The new package with the additions including ABC and Disney is estimated where ...  $10/sub range?  Higher?


That is pretty much the definition of an apples vs oranges comparison.
How about comparing everything vs everything? Or just ESPN vs just ESPN?

You're making it sound like the price of ESPN doubled when ESPN plus all the existing ABC content was already over $5 per month.
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#45 OFFLINE   jsk

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Posted 04 March 2014 - 10:06 PM

When does it start?

When does it end?  (Sorry, Paul, I couldn't resist :)

 

Every time I hear of one of these "wonderful" deals, it makes me sick because I know that I am going to end up paying through the nose for something that I don't use.  I don't watch any of the ABC/Disney/ESPN channels (except occasionally I can receive WPVI OTA and I watch their 70s style Action News - it's the best thing that ABC does - I'll hum the theme for days afterwards).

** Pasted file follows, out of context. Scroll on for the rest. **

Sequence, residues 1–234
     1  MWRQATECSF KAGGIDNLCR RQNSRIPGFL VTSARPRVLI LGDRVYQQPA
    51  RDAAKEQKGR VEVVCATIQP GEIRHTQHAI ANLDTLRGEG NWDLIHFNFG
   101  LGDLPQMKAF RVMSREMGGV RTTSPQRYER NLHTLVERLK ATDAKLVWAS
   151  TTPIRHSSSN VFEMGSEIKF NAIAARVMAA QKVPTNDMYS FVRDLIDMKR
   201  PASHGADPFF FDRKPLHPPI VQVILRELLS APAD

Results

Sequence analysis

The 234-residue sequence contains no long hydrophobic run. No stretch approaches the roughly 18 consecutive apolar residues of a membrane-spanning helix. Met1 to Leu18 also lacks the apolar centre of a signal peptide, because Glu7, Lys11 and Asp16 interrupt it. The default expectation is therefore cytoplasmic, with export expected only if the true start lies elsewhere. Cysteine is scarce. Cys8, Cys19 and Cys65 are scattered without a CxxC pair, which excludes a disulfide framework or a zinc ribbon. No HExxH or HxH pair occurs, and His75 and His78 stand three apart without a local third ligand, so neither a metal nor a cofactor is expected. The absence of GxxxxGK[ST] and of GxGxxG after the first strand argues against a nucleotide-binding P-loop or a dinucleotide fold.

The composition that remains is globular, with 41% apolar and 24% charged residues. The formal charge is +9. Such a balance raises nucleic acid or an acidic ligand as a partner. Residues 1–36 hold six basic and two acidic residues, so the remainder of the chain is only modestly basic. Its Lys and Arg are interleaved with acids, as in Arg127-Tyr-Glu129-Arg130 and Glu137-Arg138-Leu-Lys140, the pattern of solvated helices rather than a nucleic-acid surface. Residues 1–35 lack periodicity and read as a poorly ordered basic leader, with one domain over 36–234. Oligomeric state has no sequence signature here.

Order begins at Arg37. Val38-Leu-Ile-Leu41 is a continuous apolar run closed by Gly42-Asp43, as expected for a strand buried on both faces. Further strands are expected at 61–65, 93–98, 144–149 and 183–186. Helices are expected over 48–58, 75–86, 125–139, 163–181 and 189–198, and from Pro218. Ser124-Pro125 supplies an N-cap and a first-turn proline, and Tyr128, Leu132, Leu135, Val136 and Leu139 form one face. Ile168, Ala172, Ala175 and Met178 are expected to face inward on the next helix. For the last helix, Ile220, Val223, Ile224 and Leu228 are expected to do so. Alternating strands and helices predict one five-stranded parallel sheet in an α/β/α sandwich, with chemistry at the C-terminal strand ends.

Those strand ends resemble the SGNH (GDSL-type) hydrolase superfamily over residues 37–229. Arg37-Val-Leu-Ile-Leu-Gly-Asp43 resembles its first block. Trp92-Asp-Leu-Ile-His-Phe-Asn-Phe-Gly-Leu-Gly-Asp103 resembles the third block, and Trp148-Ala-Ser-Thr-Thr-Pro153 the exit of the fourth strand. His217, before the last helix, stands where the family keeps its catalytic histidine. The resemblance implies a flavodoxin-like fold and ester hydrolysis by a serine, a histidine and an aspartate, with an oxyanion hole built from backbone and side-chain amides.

I wouldn't mind if the programming was better, but it seems to be going downhill fast.  I'm getting closer and closer to cutting the cord; if it wasn't for Al Jazeera America, I think I might have already.


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#46 OFFLINE   mwdxer

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Posted 04 March 2014 - 11:10 PM

ESPN Classic used to be in AT 250, but a couple years ago Dish moved it to the Sports Pak. I wonder if ESPN Classic will be back in AT250 then?



#47 OFFLINE   phrelin

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Posted 05 March 2014 - 01:06 AM

OK, I'm going to be the Grumpy Gus about this because I think it is a major step backwards imposed by one of the largest and most profitable international entertainment conglomerates in the world.